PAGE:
Saakashvili testifies before the War Commission
By Mzia Kupunia
Monday, December 1
Georgian President Mikheil Saakashvili, testifying before the War Commission on Friday, denied allegations that Georgia was the initiator of the war with Russia in August and had received a “green light” from the US Administration to launch military action in Tskhinvali.
Saakashvili told MPs during the 5-hour hearing that the decision to take military action was “very difficult.” He noted that the Georgian Government was defending the “security of its citizens” by going into Tskhinvali because, he said, thousands of Russian troops and armoured vehicles were entering Georgia via the Roki Tunnel, endangering the lives of civilians in the region. “A large-scale bombardment and shelling of Georgian villages was also going on,” he said.
“The Georgian authorities decided to carry out a military operation to resist Russia’s full-scale attack on the Georgian population. We took the decision – although it was a very difficult one. However it is the decision which would have been taken by any democratically-elected government to protect its population,” Saakashvili said.
When asked if the Georgian leaders received any directives about starting the operation in South Ossetia from foreign colleagues, as alleged by the ex-envoy to Russia Erosi Kitsmarishvili, Saakashvili said the decision was made independently. “The decision was taken by us on our own and we were not asking permission from anyone,” he told the Commission. “We have never asked any of our international partners for a “green light,” and moreover, have never had this “green light,” Saakashvili added.
Saakashvili denied allegations about having any personal dislike towards former Russian President Vladimir Putin. There had been speculation that Saakashvili’s “aggressive rhetoric” against the Russian President had contributed to the worsening of relations between the two countries. Saakashvili said he had never verbally assaulted Putin by calling him “Liliputin,” a reference to the ex-President’s lack of height. “I have never, neither privately or publicly, said that. This is a myth promoted by those who do not want to see the real problems in Georgian-Russian relations,” Saakashvili said.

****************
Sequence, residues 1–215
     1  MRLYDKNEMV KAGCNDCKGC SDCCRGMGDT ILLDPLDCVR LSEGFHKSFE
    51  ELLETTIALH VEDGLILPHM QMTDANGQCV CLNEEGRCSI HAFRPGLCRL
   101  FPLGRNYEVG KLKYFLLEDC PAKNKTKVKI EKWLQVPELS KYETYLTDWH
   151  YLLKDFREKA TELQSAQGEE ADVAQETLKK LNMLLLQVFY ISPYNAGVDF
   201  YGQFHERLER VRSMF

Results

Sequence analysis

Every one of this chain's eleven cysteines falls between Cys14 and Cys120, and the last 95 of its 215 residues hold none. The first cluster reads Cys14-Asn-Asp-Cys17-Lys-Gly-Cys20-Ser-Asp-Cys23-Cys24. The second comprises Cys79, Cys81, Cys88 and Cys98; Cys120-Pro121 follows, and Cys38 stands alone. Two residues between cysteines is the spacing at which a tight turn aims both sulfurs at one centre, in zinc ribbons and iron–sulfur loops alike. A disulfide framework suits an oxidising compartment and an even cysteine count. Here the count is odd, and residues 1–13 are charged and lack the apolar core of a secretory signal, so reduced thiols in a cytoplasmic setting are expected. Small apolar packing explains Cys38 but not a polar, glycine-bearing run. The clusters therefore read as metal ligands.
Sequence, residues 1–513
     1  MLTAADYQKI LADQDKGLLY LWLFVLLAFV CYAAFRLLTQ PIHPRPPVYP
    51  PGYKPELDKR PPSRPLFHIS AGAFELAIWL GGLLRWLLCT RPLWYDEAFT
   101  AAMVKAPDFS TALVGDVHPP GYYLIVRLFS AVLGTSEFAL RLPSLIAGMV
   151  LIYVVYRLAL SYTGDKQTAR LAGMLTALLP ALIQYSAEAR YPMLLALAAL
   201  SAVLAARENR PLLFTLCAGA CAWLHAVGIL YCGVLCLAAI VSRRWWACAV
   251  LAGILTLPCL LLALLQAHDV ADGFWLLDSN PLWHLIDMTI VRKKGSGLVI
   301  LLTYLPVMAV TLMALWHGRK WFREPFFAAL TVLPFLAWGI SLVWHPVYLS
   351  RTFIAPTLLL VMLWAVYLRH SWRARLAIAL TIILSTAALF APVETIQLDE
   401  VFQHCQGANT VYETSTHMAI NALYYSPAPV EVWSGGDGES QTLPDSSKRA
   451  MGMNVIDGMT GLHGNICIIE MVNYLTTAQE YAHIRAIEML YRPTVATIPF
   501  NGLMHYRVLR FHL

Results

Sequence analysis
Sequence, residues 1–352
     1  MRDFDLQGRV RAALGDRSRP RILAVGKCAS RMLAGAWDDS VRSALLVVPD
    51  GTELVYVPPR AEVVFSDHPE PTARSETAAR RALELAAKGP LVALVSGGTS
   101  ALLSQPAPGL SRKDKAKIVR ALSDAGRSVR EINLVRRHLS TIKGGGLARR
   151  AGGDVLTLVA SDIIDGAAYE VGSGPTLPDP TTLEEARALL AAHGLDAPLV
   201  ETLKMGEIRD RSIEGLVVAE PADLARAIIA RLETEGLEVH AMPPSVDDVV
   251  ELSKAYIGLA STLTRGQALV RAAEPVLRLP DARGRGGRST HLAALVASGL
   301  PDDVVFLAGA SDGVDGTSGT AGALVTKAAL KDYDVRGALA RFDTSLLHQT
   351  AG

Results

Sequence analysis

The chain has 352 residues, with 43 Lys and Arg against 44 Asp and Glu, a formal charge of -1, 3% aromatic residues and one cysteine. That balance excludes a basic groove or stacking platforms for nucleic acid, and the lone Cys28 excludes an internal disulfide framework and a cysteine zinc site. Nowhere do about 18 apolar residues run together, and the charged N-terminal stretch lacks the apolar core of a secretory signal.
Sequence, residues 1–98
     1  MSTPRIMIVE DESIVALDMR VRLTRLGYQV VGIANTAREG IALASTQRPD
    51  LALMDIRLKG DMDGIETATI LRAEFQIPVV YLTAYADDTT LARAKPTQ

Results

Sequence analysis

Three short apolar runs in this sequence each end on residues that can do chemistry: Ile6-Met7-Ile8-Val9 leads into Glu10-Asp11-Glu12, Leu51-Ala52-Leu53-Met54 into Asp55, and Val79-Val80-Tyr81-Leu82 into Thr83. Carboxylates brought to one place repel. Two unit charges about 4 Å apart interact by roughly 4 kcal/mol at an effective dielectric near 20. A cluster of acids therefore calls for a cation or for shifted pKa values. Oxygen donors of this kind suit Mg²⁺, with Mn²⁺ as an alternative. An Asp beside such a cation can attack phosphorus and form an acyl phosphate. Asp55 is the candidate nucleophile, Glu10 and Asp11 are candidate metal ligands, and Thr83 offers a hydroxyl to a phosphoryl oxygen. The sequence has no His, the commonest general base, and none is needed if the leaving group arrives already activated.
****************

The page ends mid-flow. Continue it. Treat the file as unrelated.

The President told the Commission that Russia had long been planning military intervention in Georgia. He said that Georgian officials had been notifying their foreign partners about large scale provocations from Russia in Georgia’s breakaway regions. He said that the Georgian side told its Western allies that those provocations were completely out of any sort of framework and asked them to help us somehow avert the military conflict. However, Saakashvili said, “the reaction of international society was late and not as intensive as I would have liked it to be, in order to avoid all of this.”
Saakashvili said it was too early to speak about the defeat or victory of Georgia. “Georgia’s struggle is not yet over, our struggle is going on. We have been able to save the most important thing – our statehood. Russia’s goals, to overthrow the Government, to control the whole of Georgia and its pipelines and oversee the destruction of the Georgian Army, have not been accomplished. However, it is impossible to talk about success while Georgia’s territories remain under occupation,” Saakashvili told the Commission.
Some political analysts have adjudged the President’s tesimony to the Temporary Parliamentary Commission as “informative,” while others think there were some controversies in Saakashvili’s answers. Political commentator Archil Gegeshidze noted that he heard some new facts from Saakashvili, which “I was not aware of before,” he said. “Saakashvili said at the hearing that he had been trying to contact the Russian President and other officials, but they refused to talk. It was new for me, I had not heard about this before,” Gegeshidze told The Messenger.
Political analyst Gia Khukhashvili, meanwhile, stated that the President’s answers to the Commission were “controversial”. He noted that Saakashvili reiterated the official version of the Georgian authorities, that Georgia had responded to the large scale aggression of Russia. “Then why did the Georgian troops attack and Georgian officials say they had retaken Tskhinvali? If it was a defensive war, we should have undertaken a defensive operation and not an attack,” Khukhashvili said.
Some analysts assessed the fact of the President testifying before the Commission as “generally positive.” Archil Gegeshidze said that “Saakashvili’s decision to go to the war Commission is a fact that should be welcomed,” and added that “now we have come to the end of the work of the Commission. It is very important that the Commission craws an impartial conclusion about the August events.”